SeaWorld ramps up care for threatened Florida manatees

SeaWorld ramps up care for threatened Florida manatees
A manatee floats in the warm water of a Florida Power & Light discharge canal, Monday, Jan. 31, 2022, in Fort Lauderdale, Fla. The SeaWorld theme park in Orlando is opening new pools to care for Florida manatees that are dying because of starvation due to poor water quality in their normal habitat. Credit: AP Photo/Lynne Sladky, File

The SeaWorld theme park in Orlando is opening new pools to care for Florida manatees that are dying from starvation due to poor water quality in their normal habitat.

The lovable, round-tailed marine mammals had their worst die-off last year, more than 1,100 of them, and there are federal and state efforts ongoing to save the threatened creatures. One of these efforts is to have a place like SeaWorld, with the marine assets it has, provide rehabilitation to those that can be rescued.

SeaWorld announced Friday that it has added five 40-foot (12-meter) pools to accomodate up to 20 manatees within two weeks. The is one of five facilities in the U.S. taking care of sick and injured manatees. It had 28 manatees in its care as of Friday, according to a company release.

"We are bringing animals in that are skeletons. These animals need long-term care," said Jon Peterson, chief of zoological operations at SeaWorld who chairs a manatee rescue partnership with government agencies.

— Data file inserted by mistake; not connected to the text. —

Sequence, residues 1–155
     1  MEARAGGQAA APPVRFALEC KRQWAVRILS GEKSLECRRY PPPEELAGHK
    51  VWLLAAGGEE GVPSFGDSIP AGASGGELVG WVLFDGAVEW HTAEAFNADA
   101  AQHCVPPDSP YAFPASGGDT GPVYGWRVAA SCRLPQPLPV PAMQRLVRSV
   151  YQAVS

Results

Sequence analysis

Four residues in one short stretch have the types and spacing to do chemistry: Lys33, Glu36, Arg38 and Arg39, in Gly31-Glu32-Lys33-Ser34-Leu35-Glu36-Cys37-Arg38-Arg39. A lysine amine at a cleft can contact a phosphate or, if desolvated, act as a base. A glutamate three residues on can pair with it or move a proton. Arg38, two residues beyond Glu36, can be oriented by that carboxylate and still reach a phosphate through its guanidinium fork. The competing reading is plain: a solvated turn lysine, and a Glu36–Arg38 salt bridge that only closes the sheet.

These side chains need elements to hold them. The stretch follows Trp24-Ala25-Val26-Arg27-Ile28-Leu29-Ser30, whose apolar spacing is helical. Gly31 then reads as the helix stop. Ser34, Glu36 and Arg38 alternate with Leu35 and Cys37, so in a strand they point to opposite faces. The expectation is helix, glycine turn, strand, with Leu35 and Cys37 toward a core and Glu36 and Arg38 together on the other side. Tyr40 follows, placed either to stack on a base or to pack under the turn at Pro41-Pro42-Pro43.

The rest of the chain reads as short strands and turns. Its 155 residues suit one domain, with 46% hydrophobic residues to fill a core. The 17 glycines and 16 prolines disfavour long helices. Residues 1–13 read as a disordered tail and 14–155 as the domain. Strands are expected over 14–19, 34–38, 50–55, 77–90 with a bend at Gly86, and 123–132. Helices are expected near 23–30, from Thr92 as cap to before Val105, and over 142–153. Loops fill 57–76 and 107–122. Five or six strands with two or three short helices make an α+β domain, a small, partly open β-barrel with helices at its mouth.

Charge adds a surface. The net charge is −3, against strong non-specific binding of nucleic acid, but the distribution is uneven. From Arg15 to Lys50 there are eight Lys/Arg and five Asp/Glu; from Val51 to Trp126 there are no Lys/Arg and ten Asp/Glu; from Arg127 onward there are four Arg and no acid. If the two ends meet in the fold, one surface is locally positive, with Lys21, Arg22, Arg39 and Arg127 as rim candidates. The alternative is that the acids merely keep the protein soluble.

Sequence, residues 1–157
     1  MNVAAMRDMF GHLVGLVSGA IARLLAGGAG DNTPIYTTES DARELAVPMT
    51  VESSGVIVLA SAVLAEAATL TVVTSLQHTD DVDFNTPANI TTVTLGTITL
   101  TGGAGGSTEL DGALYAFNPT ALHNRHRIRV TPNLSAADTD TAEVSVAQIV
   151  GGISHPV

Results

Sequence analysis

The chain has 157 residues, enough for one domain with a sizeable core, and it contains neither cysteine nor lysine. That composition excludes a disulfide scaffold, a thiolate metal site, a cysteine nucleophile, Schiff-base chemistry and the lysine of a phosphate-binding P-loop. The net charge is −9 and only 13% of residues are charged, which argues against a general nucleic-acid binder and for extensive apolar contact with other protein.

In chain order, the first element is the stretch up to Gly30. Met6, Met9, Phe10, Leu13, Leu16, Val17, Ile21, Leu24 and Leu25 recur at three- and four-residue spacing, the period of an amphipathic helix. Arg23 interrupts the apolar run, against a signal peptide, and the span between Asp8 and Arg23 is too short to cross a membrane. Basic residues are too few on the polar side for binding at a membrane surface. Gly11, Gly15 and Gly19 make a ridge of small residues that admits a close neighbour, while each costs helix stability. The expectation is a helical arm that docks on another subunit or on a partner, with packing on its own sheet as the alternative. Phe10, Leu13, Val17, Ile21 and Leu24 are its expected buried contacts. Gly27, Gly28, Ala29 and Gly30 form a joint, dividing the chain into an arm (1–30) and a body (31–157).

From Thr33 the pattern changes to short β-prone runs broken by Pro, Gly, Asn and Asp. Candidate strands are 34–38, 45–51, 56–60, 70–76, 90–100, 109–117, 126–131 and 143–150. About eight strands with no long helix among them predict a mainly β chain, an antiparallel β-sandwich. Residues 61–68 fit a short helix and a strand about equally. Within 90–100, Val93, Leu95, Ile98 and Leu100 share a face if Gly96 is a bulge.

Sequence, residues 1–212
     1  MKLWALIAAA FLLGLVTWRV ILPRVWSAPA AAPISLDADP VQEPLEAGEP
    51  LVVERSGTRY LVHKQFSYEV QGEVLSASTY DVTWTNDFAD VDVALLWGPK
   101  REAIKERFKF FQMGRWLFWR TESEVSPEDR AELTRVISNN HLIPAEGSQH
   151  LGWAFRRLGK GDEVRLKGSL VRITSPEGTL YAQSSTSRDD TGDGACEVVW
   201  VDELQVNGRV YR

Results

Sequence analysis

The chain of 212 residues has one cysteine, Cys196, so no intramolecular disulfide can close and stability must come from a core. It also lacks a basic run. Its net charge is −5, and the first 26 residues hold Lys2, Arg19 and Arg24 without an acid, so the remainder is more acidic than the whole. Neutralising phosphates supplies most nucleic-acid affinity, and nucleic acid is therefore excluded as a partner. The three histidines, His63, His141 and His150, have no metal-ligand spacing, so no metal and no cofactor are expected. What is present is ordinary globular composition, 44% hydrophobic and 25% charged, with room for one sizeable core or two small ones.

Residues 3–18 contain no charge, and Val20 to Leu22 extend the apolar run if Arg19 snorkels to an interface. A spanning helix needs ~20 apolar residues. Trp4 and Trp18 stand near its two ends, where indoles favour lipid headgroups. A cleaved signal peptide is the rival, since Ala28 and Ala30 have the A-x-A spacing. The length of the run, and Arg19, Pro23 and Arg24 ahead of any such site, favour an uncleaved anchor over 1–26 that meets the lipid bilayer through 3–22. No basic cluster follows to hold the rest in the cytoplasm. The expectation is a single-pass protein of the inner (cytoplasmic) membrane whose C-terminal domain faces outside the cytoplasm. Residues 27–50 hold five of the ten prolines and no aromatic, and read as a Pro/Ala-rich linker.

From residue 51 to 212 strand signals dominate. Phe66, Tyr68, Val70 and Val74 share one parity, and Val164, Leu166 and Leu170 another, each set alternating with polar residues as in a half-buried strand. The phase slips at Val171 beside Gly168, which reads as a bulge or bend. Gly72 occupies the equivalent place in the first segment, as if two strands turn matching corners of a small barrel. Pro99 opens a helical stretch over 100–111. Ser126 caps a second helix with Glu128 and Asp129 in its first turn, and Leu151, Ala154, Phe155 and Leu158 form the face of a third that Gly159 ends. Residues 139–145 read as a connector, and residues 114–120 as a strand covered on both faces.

"We've got the space. We will continue to use that space," he added.

Manatees on the east coast of Florida, in particular, have suffered during winter months from a lack of food. They are large creatures that feed on sea grass, and has reduced their natural food source, causing many to starve to death. It's mostly agricultural, urban and septic tank sources of pollution that are depriving them of food.

As of Jan. 28, 97 manatees have been found dead in Florida, according to the Florida Fish and Wildlife Conservation Commission, which has taken a leading role in the rescue effort. Five of those were killed by boat strikes. Most of the rest are starving.

"That is the same pattern we had last winter, and these numbers will continue," said Dr. Martine deWit, the veterinarian who examines dead manatees for the state of Florida.

The Fish and Wildlife Commission and the U.S. Fish and Wildlife Service have embarked on an experimental attempt to feed manatees with at a Florida Power & Light plant on the east coast. The animals typically gather there in winter months because of the warm outflow waters and at a time when there is very little natural food.

Recently, officials said there were more than 700 manatees in that area, although it's hard to say how many were eating lettuce.

"They are going to go where the is," said Tom Reinert, South regional director at the Florida Fish and Wildlife Commission. "We hope to make a difference."


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